When Liz and I first bought our house, it included a wonderfully horrid attempt at a wet bar in the basement. I’m sure that who ever built it thought it was beautiful (much like how all parents think their babies are beautiful). It had some absolutely stunning bead board from the local home center plastered across the front, and some sort of laminate applied to the plywood top. They had gone to the effort of putting in drywall on the back side, and an itty bitty sink. The sink isn’t terrible, at least functional, but on the smallish side.
Somewhere along the line Jim (dear old best friend Jim, who has probably encouraged more than a few irrational ideas) and I thought that we could do better. Liz and I had decided to completely redecorate the basement after our last bout with water from a frozen pipe, and didn’t want an ugly bar to detract from the rest of the basement. Paint was applied generously, carpet removed and replaced with vinyl stickers that look like wood, and the bar was judiciously destroyed. We left the 2×4 frame and painted it black. The new basement was all about things being black, and dark, and awesome. And nothing is more awesome than black.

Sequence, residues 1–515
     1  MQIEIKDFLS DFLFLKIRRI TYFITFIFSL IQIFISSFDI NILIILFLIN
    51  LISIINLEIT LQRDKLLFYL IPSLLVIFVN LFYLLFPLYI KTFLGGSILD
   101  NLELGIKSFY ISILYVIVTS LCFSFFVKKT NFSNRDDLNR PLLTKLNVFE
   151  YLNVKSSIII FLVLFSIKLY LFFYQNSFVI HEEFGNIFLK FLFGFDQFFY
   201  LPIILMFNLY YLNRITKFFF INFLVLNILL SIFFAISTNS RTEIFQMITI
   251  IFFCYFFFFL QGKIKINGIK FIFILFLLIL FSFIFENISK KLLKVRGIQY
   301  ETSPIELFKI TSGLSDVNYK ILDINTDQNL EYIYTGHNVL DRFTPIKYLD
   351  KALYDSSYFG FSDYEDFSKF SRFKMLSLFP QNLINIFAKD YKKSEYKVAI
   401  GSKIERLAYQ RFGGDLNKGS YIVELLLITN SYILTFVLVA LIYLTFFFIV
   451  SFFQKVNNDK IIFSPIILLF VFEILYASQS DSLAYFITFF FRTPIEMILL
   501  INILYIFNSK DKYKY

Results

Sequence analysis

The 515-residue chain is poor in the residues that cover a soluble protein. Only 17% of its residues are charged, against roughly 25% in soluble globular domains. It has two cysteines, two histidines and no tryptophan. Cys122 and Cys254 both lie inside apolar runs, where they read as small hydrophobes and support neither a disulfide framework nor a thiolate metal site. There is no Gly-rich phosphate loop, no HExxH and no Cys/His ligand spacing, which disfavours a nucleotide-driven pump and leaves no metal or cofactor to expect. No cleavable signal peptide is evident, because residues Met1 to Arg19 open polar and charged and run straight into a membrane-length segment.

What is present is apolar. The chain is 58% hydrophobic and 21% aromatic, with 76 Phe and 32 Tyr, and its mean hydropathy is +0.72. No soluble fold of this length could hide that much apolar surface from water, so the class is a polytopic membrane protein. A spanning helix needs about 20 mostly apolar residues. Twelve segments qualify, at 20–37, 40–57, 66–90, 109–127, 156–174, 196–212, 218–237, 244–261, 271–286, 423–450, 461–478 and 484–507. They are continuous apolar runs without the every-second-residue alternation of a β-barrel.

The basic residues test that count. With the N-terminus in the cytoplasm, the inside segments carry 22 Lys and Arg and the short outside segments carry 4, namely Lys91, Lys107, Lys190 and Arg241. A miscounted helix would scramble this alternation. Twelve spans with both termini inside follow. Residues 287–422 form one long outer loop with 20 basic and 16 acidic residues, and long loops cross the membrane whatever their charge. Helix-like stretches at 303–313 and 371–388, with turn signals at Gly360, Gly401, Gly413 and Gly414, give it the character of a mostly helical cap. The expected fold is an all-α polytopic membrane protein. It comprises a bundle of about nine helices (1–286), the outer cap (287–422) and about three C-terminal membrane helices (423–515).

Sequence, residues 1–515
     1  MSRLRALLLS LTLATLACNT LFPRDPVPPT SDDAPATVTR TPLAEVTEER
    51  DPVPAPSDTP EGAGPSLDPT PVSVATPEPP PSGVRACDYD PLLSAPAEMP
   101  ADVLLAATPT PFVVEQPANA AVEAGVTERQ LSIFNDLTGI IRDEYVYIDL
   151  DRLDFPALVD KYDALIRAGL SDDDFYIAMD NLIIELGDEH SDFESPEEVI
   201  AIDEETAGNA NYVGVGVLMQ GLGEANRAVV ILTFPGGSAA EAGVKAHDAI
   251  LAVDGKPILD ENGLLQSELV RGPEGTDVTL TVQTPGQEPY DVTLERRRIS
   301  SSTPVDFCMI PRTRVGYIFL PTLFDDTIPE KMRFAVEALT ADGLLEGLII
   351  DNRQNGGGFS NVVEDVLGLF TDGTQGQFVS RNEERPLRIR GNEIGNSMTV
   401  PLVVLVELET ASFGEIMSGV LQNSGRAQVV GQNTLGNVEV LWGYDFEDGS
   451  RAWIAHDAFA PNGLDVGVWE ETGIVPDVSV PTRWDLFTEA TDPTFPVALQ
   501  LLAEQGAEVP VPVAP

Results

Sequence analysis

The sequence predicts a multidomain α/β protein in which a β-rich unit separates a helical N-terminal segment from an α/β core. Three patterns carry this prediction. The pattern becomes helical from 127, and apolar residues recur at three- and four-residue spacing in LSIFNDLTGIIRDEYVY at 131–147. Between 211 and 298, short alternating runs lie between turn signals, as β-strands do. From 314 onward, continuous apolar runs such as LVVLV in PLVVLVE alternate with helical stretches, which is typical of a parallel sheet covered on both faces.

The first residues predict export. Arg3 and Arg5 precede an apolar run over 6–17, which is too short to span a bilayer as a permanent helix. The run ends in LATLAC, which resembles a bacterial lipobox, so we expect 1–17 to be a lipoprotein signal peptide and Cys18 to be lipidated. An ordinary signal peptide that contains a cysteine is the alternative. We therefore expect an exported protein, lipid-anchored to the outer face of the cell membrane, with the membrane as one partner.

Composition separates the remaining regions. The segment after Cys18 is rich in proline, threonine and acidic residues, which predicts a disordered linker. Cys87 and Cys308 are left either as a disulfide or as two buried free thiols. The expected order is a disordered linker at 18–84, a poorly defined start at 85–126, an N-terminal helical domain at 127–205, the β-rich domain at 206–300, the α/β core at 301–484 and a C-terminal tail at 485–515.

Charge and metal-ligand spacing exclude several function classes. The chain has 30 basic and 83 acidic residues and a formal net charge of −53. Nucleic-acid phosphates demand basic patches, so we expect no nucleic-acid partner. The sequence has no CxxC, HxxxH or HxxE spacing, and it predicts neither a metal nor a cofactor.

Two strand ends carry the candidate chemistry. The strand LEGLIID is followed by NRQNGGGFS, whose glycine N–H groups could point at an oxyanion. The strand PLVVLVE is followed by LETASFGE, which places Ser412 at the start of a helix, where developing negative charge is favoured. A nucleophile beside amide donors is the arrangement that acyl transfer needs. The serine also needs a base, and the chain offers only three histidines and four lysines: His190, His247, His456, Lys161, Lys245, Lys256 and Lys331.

With an epic black 2×4 frame, more wood was applied. A skin if you will, of rich brown birch plywood. This time we only applied this to the outside face of the assembly. We wanted more storage on the back side, and had some crazy ideas about how to make it happen. Upon our skin a black oak trim was applied. It was black, and oaky, and deep, and dark. Unfortunately we also discovered how hard it is to get wood to be perfectly black. Go to your local home center and look for stains (not paint) that achieve a full uniform black as night look. Back already? Hard to find. You might have stumbled across stains labeled as ebony. This is but a mere illusion of deep, and dark, and black. To fully achieve black you need two things, pure black dye, and india ink. India ink is officially the blackest thing I have ever found. Light is absorbed to never be seen again. So after much blood sweat and tears we had black trim, and it was applied, and It. Was. Awesome.
But this left us with a quandary, this epic, dark, black bar needed an appropriately epic top to match it. Since Liz and I are children of the internet, we plumbed the depths to find something, anything to fulfill our bar top needs. Liz found a nifty little end table that someone topped with dominoes. Gears churned, wheels engaged and squirrels sped forth into the night with a previously unknown passion.
We could put things in the top.